0 = 3% and 4 = 17%

embrace the power of reciprocity

Marketing is all about behaviour management – encouraging a target market to behave in a preferred manner – for the first or last time, more often, or less often. Persuasion is often central to managing consumer behaviour. This is the first of five thoughts addressing five of the many persuasion tools in the marketer’s toolkit. Some might be obvious, but none is easy to engage effectively.

Intuition would suggest that highly paid medical practitioners would not be easily influenced by a lunch, much less a cheap lunch. This serves to highlight the dangers of applying intuition in the absence of data.
A study completed in the United States in 2017 examined the purchase behaviour of general practitioners (with an average income of $227,000 per annum) and specialists (with an average income of $500,000 per annum) and the influence that a series of $20.00 lunches can have on the brands of drugs they recommend to their patients.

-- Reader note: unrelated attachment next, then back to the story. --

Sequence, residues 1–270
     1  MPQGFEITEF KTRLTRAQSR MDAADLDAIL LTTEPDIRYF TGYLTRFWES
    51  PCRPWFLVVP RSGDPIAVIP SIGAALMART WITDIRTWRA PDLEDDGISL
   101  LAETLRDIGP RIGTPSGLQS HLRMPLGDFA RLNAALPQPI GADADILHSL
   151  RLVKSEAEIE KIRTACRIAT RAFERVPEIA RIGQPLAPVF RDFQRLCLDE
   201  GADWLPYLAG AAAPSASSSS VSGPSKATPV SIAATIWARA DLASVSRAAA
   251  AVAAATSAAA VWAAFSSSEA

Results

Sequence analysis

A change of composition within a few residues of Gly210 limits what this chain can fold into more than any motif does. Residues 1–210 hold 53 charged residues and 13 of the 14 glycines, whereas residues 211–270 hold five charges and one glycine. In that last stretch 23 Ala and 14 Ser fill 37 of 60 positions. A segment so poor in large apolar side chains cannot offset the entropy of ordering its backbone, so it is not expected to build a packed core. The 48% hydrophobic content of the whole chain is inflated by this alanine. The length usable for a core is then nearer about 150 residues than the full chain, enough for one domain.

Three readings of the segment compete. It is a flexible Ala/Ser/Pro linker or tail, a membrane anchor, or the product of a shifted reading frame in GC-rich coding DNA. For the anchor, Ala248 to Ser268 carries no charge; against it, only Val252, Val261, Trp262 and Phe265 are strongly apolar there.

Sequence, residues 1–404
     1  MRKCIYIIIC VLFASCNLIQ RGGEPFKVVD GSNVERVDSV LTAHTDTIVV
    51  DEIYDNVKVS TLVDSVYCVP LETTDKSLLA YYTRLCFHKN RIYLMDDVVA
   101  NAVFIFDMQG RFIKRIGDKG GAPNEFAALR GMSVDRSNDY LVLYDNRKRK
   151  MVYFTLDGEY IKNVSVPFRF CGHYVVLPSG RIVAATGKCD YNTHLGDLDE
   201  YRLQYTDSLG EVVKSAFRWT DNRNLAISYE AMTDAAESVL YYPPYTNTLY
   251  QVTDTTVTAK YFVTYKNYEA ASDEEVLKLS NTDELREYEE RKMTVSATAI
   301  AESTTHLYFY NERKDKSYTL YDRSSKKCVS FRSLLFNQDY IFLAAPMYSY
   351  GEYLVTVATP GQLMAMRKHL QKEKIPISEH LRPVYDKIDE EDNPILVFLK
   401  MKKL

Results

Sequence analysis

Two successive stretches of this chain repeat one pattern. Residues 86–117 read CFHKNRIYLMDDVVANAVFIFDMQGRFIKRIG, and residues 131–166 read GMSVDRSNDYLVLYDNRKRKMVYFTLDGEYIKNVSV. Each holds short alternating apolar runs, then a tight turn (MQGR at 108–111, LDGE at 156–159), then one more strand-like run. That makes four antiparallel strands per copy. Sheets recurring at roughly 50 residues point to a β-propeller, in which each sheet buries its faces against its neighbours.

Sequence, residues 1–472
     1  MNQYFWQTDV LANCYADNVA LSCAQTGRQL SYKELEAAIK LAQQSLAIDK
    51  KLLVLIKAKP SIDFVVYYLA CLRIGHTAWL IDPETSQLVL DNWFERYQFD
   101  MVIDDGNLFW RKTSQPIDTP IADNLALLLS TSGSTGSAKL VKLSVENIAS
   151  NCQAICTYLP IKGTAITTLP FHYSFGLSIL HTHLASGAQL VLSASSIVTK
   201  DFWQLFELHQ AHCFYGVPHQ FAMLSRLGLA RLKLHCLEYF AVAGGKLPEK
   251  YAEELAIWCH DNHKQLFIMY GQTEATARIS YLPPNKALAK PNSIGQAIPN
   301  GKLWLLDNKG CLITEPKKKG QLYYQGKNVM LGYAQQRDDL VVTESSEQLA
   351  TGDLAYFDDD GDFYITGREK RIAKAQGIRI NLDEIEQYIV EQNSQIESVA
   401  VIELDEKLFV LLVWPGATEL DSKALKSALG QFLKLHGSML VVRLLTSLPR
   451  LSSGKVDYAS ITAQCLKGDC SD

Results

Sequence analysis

The findings can be summarised as follows:

  • Rosuvastatin
  • 0 lunches – 8% of recommendations
  • 4 lunches – 14% of recommendations
  • Nebivolol
  • 0 lunches – 3% of recommendations
  • 4 lunches – 17% of recommendations
  • Olmesartan
  • 0 lunches – 1% of recommendations
  • 4 lunches – 6% of recommendations

These findings, like many others, demonstrate the power of reciprocity, even when it involves offering a cheap lunch to a high income earning professional.

Reciprocity has been found in many studies, and in any number of cultures, to have a significant effect on purchase behaviour. Even the provision of a chocolate with coffee (as opposed to no chocolate with coffee) after dinner in a restaurant has been shown, time and again, to impact significantly on the size of the tip offered by the customer.

We are more inclined to give to those who have given to us first and to whom we feel some level of obligation. Such an obligation may not cause a sale to occur, but it might, and very often does, impact on who the purchase is made from, how much the customer is prepared to pay, and the timing of the purchase.

This effect is being demonstrated in the growing trend of ‘giving’ before ‘asking’ in marketing. Many marketers give information before asking for the business. Others give free advice or the time to build a relationship. In many respects, reciprocity is about relationships.

In 2018 – embrace the power of reciprocity.

Every year – put the facts ahead of intuition and guesswork.

Sources of core statistics – Upwork, Psychology Today, Social Media Examiner, Neuromarketing, HubSpot, Marketing Ideas 101, Direct Creative, Mashable Australia

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